Walking Your Way Through Making a Decision
When considering therapy, there are many issues to keep in mind. Though research has not defined an absolute standard time to start anti-HIV therapy, some criteria can assist you in making a decision tailored to your needs. This road map highlights these criteria and may help you in this process. It may be a good idea to bring this with you to your doctor's appointment for discussion. Remember, take your time and don't feel pressure to make the decision today.
Before you start any kind of medical treatment make sure that you're ready. Take time to reflect and contemplate how taking therapy is going to impact your life. Ask yourself questions like: Do I feel ready? What kind of expectations do I have? Do I have a support system or someone I can talk to about therapy? Am I scared? If so, of what am I afraid? Explore your own beliefs and fears about therapy. Ground yourself in knowledge rather than fears. Talking to other people about their treatment decisions can be extremely beneficial, but remember . . . what works for one person does not always work for another.
What is your current CD4+ cell count?
Over your last few tests, has your CD4+ cell count trend:
Is your CD4+ count generally declining or is it mostly stable, with just modest movement (100 points or less) up and down? A stable CD4+ count, as long as it is above 200, has less risk of progression than one that is steadily declining.
CD4+ Cell Count Above 500 (Normal Range 500-1,500+)
Therapy is generally not recommended. If your viral load is high and/or you're experiencing symptoms, therapy might still be warranted. However, if the CD4+ count is declining rapidly and consistently, and the viral load is high, some doctors might recommend treatment or more frequent monitoring.
CD4+ Cell Count 200-500
If you are in this range, you may want to consider therapy, especially if you have developed symptoms associated with immune dysfunction. Examples include shingles (zoster), and recurrent and aggressive yeast infections. When no symptoms are present, most doctors would consider delaying treatment at least until the CD4+ count consistently falls below 350.
Guidelines suggest considering therapy when CD4+ cell count is consistently at or below 350.
If your CD4+ cell counts are above 200, and you experience recurrent fungal infections (thrush, etc.), preventive therapy for Pneumocystis carinii pneumonia (PCP) is recommended.
CD4+ Cell Count 200 and Below
There is an increased risk for developing serious and life-threatening infections (opportunistic infections) and therefore the federal guidelines highly recommend anti-HIV therapy.
If you choose not to use antivirals at this point, talk with your provider about preventive therapies against common infections, like Mycobacterium avium complex (MAC), cytomegalovirus (CMV) and toxoplasmosis. Monitor your lab values, weight, minor symptoms and overall sense of well-being.
If your CD4+ cell count and/or viral load levels change drastically from one test to another, discuss this with your provider. Large sudden changes are often the result of lab errors or other health factors (like a flu shot or stress).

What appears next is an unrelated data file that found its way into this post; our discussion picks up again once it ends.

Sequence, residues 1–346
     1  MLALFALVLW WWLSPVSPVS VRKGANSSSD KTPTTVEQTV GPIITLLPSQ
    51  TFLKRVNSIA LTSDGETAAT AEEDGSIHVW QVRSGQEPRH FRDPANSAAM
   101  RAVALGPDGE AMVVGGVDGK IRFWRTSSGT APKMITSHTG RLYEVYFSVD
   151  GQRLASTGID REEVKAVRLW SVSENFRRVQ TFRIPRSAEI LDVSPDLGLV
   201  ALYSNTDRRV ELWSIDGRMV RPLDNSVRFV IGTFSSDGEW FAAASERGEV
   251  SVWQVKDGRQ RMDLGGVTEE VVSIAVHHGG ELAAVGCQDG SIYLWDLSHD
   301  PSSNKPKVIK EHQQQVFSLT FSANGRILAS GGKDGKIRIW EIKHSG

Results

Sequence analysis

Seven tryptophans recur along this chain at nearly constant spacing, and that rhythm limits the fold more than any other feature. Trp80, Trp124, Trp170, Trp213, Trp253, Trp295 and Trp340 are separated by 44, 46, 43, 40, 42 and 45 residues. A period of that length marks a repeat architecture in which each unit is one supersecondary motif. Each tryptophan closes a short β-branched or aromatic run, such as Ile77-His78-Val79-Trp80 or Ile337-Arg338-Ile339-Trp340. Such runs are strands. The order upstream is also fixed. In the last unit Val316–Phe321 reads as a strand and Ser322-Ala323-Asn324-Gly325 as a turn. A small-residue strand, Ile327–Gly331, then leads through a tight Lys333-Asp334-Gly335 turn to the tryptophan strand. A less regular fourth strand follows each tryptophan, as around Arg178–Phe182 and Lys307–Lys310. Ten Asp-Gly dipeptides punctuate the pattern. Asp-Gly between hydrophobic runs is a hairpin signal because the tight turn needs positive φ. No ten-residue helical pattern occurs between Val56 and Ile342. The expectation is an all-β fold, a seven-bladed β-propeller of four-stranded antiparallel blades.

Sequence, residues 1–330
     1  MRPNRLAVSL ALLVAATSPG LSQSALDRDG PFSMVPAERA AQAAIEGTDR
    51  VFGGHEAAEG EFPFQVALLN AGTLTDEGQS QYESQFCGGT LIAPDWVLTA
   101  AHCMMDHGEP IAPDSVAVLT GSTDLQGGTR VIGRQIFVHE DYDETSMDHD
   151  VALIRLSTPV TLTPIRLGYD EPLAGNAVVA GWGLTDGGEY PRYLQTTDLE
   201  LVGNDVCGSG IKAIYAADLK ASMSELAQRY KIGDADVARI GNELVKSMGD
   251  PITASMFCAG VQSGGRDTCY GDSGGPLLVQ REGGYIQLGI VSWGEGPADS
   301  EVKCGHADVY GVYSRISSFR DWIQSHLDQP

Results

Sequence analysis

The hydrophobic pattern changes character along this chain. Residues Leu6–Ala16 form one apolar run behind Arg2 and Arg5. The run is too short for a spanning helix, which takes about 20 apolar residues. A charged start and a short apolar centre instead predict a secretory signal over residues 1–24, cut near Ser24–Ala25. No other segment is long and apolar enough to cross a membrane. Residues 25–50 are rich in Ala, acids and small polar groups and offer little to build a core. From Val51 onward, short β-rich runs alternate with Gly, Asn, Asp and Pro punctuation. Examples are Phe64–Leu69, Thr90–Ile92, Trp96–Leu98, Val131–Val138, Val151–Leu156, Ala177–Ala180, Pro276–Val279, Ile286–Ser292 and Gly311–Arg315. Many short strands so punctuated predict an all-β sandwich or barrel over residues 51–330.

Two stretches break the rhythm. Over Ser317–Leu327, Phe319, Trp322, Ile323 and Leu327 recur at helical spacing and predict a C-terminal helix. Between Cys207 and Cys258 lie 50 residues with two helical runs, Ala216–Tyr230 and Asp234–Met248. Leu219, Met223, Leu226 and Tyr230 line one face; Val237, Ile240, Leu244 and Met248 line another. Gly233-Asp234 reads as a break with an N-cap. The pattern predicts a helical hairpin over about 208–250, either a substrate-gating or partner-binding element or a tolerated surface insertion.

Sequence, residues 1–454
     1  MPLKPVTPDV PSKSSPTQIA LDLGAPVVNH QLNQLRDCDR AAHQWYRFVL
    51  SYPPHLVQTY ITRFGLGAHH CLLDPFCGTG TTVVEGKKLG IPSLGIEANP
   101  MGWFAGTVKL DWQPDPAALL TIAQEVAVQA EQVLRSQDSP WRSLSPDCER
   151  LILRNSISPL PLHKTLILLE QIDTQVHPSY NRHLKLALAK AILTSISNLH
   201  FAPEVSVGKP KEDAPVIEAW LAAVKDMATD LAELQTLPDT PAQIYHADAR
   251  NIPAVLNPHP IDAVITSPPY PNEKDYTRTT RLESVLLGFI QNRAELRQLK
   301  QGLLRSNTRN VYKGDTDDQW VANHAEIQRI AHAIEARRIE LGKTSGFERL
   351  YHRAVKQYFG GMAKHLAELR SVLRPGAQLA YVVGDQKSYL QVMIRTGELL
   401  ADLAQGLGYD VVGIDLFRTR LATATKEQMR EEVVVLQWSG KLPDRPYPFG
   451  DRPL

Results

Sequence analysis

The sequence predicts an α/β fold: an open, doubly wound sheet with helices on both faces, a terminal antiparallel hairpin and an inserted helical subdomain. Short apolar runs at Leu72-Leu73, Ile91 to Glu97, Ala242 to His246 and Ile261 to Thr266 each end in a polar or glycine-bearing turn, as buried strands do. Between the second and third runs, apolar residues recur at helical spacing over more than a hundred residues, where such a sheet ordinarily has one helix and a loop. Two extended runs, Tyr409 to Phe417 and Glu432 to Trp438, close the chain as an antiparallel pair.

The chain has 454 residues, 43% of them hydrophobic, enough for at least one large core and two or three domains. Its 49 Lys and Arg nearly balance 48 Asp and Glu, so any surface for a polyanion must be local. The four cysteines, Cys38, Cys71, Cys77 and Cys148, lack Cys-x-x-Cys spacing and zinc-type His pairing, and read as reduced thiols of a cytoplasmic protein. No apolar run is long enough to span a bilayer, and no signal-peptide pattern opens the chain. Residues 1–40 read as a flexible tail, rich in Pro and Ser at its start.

For more information, read Project Inform's "Blood Work: A Useful Tool for Monitoring HIV."
There are many side effects from anti-HIV therapy. It's important that you are aware of them and learn how they can be monitored and managed. Not everyone on therapy experiences side effects (only 10-20% of people have serious ones). It's not uncommon for people to have some short-term side effects like nausea and headaches during the first 4-6 weeks of therapy. After this adjustment period, short-term side effects often diminish. Therapies can have long-term side effects too, including body changes (called lipodystrophy) and changes in lab results like cholesterol.
Adherence is crucial to treatment being effective. Adherence means taking medications exactly as prescribed by your provider. If anti-HIV medications are not taken according to instructions, the risk of developing drug-resistant HIV increases. Drug-resistant HIV may not respond to the anti-HIV drugs and, as a result, treatment options become limited. Numerous factors can influence adherence: the responsibility of children, your housing status, busy and demanding work, potential side effects from anti-HIV drugs, being in a domestic violence situation and many others.
Take a moment to reflect upon the various factors that can make taking your medications correctly challenging. Discuss this with your provider as you develop a treatment strategy. In addition, use those sources of support which will motivate you to stay adherent.
Are you currently on any other therapy (contraceptives, methadone, anti-depressants, etc.)?
There are known drug interactions between a variety of drugs, and even herb-drug interactions. These can worsen side effects and/or cause one or both therapies to be less effective. For example, some protease inhibitors can decrease the level of ethinyl-estradiol (chemical in oral contraceptives), making them less effective.
If you decide to take therapy, take all the medications, vitamins, supplements and/or alternative therapies that you're taking to your next doctor's appointment. Whenever you add or change a therapy or supplement, be sure to talk with all your health practitioners (and pharmacist) to make sure these products may be taken together safely.
For more information, read Project Inform's "Drug Interactions."
This article was provided by Project Inform. It is a part of the publication WISE Words. Visit Project Inform's website to find out more about their activities, publications and services.